Anyway, I found the book of remarkable interest from several points of view; and I thought that you might like to see it. I know that some people find such books (i.e. on mediumistic communications) extremely distasteful, and I shall not press it upon you. In any case it is not to be regarded as anattempt to 'prove re-birth' to you (re-birth, anyway, cannot be proved as one 'proves Pythagoras'; whether one accepts—or rejects, as the case may be—the account of some event as 'evidence' for re-birth depends upon one's temperament and one's presuppositions): I merely remark that since, as you know, I accept re-birth as a matter of course, I found no antecedent obstacle opposing my taking part (by way of marginal comments) in the Myers-Gurney-Balfour controversy about the divisibility of the self. But, whether you read the book or not, would it be too much if I were to ask you if you could possibly get the book bound for me? I think it is worth preserving, and it will not last long with only paper cover.

Here is Camus on Heidegger; perhaps it says more about Camus than Heidegger—and also something about me, since I trouble to quote it.

Heidegger considers the human condition coldly and announces that existence is humiliated. The only reality is "anxiety" in the whole chain of being. To the man lost in the world and its diversions this anxiety is a brief, fleeting fear. But if that fear becomes conscious of itself, it becomes anguish, the perpetual climate of the lucid man "in whom existence is concentrated." This professor of philosophy writes without trembling and in the most abstract language in the world that "the finite and limited character of human existence is more primordial than man himself." His interest in Kant extends only to recognizing the restricted character of his "pure Reason." This is to conclude at the end of his analyses that "the world can no longer offer anything to the man filled with anguish." This anxiety seems to him so much more important than all the categories in the world that he thinks and talks only of it. He enumerates its aspects: boredom when the ordinary man strives to quash it in him and benumb it; terror when the mind contemplates death. He too does not separate consciousness from the absurd. The consciousness of death is the call of anxiety and "existence then delivers itself its own summons through the intermediary of consciousness." It is the very voice of anguish and it adjures existence "to return from its loss in the anonymous They." For him, too, one must not sleep, but must keep alert until the consummation. He stands in this absurd world and points out its ephemeral character. He seeks his way amid these ruins. (Myth, p. 18)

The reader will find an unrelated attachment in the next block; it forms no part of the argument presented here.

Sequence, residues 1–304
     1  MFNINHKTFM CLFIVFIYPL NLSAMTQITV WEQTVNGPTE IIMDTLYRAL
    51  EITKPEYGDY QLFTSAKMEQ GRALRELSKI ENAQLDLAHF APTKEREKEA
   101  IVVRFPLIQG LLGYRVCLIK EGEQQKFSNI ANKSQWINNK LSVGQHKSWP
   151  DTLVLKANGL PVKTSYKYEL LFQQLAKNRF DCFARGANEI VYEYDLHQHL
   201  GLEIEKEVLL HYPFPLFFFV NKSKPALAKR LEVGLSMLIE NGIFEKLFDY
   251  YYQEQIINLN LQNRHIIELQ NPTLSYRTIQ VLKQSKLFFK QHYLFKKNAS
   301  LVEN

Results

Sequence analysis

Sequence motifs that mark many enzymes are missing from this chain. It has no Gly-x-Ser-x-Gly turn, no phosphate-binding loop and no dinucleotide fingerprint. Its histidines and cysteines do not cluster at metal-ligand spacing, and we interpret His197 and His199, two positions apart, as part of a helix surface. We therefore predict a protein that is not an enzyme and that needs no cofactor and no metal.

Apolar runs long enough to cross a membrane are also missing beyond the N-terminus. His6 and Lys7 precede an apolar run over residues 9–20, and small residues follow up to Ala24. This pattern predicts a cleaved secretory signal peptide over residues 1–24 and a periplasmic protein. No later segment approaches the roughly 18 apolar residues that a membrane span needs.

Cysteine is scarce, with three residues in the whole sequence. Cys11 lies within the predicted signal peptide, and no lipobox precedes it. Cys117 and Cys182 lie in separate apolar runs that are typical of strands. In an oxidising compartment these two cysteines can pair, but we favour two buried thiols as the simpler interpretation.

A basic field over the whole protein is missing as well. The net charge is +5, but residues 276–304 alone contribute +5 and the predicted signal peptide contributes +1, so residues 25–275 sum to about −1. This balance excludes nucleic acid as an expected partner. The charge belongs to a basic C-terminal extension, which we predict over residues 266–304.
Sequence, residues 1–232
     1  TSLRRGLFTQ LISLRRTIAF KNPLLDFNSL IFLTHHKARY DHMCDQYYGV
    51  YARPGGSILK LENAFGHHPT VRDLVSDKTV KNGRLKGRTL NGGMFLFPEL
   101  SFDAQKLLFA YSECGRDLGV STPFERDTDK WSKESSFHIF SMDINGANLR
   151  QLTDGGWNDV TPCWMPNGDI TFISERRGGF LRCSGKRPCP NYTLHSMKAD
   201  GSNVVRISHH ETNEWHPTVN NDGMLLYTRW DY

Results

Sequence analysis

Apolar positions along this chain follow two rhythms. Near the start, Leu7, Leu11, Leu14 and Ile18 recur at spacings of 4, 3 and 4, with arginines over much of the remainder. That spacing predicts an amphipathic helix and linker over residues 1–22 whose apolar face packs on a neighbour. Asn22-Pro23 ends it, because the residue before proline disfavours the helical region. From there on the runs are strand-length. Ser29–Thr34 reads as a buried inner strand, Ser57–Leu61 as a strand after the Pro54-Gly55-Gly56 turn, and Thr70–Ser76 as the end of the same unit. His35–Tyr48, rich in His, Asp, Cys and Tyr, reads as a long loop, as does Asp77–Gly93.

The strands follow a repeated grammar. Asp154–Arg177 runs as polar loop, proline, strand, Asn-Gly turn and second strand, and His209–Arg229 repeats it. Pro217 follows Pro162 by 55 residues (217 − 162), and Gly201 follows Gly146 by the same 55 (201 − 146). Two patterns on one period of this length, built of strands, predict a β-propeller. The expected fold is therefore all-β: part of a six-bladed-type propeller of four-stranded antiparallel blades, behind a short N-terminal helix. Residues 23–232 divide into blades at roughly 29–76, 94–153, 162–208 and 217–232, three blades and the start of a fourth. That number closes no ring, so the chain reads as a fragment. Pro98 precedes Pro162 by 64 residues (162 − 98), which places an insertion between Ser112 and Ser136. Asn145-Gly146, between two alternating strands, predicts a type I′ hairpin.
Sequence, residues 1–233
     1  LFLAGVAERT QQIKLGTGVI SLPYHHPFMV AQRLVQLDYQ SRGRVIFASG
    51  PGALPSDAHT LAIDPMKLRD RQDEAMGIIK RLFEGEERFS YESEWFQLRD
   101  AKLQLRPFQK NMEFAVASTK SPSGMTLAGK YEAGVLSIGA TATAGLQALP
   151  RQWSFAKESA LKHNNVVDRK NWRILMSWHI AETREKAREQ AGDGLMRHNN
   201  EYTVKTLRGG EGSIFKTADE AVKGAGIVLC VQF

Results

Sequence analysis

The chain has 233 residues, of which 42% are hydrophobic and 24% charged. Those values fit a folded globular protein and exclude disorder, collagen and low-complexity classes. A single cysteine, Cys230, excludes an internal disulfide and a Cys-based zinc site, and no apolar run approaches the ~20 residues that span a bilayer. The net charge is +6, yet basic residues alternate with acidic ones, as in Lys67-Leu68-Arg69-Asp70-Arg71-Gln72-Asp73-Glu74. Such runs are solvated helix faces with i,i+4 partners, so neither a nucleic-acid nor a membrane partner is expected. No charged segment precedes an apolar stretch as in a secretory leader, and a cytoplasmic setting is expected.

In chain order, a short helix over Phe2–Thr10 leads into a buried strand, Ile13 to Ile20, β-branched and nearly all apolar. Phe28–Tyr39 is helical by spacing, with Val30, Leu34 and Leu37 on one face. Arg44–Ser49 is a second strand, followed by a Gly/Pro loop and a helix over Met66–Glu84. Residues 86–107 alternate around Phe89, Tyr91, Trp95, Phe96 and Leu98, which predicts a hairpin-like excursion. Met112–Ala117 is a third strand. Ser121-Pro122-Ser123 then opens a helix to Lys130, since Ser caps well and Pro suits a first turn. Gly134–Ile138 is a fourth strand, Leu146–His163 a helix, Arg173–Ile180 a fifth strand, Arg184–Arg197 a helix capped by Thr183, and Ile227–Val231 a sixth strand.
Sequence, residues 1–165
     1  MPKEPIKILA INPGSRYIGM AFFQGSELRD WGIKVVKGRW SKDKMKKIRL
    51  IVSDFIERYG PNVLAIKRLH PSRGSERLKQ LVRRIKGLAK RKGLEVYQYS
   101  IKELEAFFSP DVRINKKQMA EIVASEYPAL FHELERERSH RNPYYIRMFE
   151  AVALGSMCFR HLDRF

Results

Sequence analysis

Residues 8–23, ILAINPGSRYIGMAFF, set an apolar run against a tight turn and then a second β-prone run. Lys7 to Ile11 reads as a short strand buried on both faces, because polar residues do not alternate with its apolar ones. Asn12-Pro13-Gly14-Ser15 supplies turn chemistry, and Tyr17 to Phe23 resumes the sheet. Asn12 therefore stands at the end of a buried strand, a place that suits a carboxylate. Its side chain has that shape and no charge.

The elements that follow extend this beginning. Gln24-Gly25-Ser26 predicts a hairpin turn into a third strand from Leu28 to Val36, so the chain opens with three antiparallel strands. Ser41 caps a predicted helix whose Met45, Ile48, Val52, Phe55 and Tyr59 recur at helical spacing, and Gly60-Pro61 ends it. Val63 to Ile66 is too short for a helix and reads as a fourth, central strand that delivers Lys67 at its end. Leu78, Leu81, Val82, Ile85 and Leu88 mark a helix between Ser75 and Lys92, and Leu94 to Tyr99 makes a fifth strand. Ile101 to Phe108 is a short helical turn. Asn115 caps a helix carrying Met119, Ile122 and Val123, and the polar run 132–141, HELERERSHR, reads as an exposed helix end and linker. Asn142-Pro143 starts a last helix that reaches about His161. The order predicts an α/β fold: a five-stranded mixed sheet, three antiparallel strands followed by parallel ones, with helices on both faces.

[141.a] Cf. Sartre: Au lieu que, avant d'être aimés...[2] [Back to text]

[141.b] I have to admit, though, that under the pressure of unrelieved satyriasis I rather like the idea of having the girls tied up ready for me—perhaps this will explain certain ambiguities in my attitude towards le deuxième sexe: a satyr is much too hard pressed to have time to be a feminist. [Back to text]

[141.c] Is not the Pill the eucharist of the New Morality? [Back to text]

[141.d] In one place (B&N, p. 249) Sartre refers to Heidegger's views as 'une sorte de psychologisme empiriocriticiste'. I don't quite know what this means, but it sounds to me like pretty severe philosophical abuse—almost as bad, when applied to a philosopher, as insinuating that his parents weren't properly married. [Back to text]

Editorial notes:

[141.1] de Beauvoir: 'Two separate beings, placed in different situations, facing each other in their freedom and seeking, one through the other, the justification of existence, will always live an adventure full of risks and promises.' The line has not been traced. [Back to text]

[141.2] Sartre: The Ven. Ñānavīra quoted the passage (in French) in full. For the English translation, see L. 69. [Back to text]